Gold and silver began the week in impressive fashion, making sizeable gains through the first two days. Shortly thereafter, however, those gains were erased and the losses began to pile. From Wednesday through to the end of the week, both gold and silver were the subject of a decent amount of losses, thanks to a variety of factors.
As far as notworthy happenings are concerned, there were quite a few to talk about this week. First was the European Central Bank meeting. This was such a big deal because the currently running Quantitative Easing program is soon to be completed, and people are curious to see whether the ECB is going to expand/extend the program, or simply let it run its course and move on. This week, the ECB’s monthly policy meeting came and went with little to nothing to talk about as a result. While some were expecting at least some clues with regard to what the future might hold for the EU’s monetary policy, such did not prove to be the case. In fact, investors were left not knowing anything new by the time the ECB meeting wrapped up on Wednesday.
The monthly FOMC meeting is just around the corner, and as is typical for a week leading up to the meeting, central bank presidents were commenting on what they want to see as far as monetary policy is concerned. Presidents from the Boston, Kansas City, and Richmond Federal Reserve banks all commented this week saying that the labor market and the US economy in general are all strong enough to warrant a “normalization of monetary policy.” What this means is that the aforementioned Fed presidents want to see interest rates raised. In fact, there was even mention of September being the perfect time for rates to be raised. With the meeting only a short while away, it will truly be interesting to see what the Fed decides to do—or to not do.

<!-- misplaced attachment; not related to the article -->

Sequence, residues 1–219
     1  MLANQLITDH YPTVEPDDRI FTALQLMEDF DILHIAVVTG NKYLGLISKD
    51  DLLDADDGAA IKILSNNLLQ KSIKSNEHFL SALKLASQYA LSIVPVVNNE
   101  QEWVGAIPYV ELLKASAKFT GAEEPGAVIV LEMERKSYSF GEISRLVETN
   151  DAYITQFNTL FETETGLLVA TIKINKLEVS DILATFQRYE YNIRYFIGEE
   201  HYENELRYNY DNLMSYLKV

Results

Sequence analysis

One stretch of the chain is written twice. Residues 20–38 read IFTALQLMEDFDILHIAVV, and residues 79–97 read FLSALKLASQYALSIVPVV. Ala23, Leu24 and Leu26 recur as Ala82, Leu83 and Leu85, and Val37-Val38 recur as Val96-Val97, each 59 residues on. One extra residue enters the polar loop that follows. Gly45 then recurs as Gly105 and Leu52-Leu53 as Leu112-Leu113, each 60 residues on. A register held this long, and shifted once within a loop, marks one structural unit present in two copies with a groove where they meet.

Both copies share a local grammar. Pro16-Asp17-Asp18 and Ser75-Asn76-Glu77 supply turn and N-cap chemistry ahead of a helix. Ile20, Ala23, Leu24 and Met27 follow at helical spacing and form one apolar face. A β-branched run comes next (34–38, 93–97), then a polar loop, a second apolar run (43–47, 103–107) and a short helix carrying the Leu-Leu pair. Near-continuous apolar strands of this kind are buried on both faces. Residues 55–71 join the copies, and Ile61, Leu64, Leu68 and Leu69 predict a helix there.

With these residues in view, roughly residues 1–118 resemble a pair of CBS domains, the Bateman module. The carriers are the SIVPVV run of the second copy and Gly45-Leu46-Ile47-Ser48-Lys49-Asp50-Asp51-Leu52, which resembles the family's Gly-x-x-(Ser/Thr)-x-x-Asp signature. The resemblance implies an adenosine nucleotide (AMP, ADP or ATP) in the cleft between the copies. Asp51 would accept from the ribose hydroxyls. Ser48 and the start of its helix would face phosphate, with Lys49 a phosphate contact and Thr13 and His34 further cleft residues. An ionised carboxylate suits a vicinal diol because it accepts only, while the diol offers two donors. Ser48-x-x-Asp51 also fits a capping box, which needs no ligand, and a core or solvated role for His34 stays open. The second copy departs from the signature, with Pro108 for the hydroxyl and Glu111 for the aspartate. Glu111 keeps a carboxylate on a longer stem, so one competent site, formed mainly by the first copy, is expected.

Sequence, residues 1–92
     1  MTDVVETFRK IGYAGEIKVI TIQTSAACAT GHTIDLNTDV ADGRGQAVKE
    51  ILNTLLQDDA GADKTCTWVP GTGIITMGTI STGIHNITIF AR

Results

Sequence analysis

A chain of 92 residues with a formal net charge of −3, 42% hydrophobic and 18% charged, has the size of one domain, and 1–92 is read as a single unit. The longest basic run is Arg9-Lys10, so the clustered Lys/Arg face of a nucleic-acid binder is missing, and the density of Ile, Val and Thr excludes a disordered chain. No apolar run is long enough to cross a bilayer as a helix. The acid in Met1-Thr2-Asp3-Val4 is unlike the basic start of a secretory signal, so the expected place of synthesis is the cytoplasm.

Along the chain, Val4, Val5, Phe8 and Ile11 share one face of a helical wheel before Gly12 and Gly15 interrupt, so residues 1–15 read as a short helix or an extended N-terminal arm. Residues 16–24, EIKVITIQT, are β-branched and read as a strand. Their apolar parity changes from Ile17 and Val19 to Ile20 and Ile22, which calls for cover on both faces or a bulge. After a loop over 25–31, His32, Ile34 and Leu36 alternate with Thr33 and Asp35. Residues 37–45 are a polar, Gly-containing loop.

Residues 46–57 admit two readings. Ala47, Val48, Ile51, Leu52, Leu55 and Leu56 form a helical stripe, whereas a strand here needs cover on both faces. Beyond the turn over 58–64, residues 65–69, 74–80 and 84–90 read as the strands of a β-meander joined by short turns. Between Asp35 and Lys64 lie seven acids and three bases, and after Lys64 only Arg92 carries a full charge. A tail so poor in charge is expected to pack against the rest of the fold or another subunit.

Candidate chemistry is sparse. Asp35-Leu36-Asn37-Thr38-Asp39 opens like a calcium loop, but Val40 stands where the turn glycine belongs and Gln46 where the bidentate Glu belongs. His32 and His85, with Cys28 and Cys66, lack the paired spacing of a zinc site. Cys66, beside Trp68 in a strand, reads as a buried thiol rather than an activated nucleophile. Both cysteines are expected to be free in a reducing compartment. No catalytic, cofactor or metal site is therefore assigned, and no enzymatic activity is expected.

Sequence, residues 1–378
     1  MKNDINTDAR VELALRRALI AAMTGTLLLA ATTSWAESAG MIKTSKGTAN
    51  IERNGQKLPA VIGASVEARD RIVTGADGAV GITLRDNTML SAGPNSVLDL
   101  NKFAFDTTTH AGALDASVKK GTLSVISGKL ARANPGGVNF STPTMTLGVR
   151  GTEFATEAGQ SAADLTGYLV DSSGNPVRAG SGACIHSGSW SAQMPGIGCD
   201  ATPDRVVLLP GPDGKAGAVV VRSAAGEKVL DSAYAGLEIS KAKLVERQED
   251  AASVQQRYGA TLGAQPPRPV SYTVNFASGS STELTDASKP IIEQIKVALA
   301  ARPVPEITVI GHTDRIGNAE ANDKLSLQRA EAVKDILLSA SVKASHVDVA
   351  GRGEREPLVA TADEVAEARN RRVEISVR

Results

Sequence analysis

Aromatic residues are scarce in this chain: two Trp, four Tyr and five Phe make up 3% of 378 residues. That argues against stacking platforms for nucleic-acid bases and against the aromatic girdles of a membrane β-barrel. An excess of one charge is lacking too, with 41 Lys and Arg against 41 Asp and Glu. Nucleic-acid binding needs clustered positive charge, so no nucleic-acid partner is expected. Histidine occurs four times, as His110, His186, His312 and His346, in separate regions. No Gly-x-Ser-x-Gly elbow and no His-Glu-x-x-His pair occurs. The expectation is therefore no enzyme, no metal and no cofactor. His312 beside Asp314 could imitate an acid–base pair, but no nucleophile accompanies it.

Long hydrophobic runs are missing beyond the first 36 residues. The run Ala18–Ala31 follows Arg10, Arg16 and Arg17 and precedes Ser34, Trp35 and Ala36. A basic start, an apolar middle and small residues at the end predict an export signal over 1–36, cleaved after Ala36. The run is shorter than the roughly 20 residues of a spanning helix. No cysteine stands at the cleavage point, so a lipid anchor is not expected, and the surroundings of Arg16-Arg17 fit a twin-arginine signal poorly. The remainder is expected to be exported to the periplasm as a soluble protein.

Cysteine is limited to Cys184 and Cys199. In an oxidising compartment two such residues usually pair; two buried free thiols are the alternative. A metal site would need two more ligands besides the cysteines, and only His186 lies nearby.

For yet another week, the Labor Department’s reading on weekly jobless claims impressed the entire global market. This time, the number of first-time claims for unemployment benefits fell by another 4,000 to bring the seasonally-adjusted average number of claims below 260,000. This is good news, but even more significant is the fact that this is now the 79th consecutive week where the average number of claims was below the 300,000 mark. This is a truly impressive feat and does well to highlight just how strong the labor market in the US really is.
Even more telling, and in the eyes of investors more important, was the fact that the 4-week moving average of claims, which is widely considered to be a more accurate picture of the labor market, fell by almost 2,000. Even despite the weak job growth in August, the overall picture of the US labor market is a positive one. The labor market being a huge determinant of whether interest rates are kept steady or risen, any data coming from that sector of the US economy will be of extreme importance to investors. This is almost always the case, but with the interest rate hike situation as uncertain as it has ever been, any bit of jobs data at all is going to be analyzed closely.
Other US economic data dealt this week included the ISM non-manufacturing index, and that reading came back significantly poor than expected. While most analysts were calling for a decrease in the services sector from July to August, no one was anticipating that the largest part of the US economy would have pulled back as much as it did. This gave gold and silver a momentary boost, but did not end up leading to anything in the way of sustained gains.
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